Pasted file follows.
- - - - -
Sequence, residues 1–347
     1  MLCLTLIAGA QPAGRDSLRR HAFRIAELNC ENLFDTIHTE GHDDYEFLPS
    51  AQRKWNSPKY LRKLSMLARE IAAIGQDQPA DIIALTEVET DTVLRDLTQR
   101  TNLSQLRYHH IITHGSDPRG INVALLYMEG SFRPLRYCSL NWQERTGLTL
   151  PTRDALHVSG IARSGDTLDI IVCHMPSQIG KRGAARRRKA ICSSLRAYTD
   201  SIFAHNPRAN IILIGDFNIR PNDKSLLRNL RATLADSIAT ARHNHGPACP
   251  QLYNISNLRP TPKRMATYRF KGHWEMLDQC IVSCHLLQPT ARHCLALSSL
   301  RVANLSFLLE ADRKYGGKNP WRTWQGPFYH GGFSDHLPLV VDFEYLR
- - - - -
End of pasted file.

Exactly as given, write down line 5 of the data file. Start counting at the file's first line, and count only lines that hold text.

   151  PTRDALHVSG IARSGDTLDI IVCHMPSQIG KRGAARRRKA ICSSLRAYTD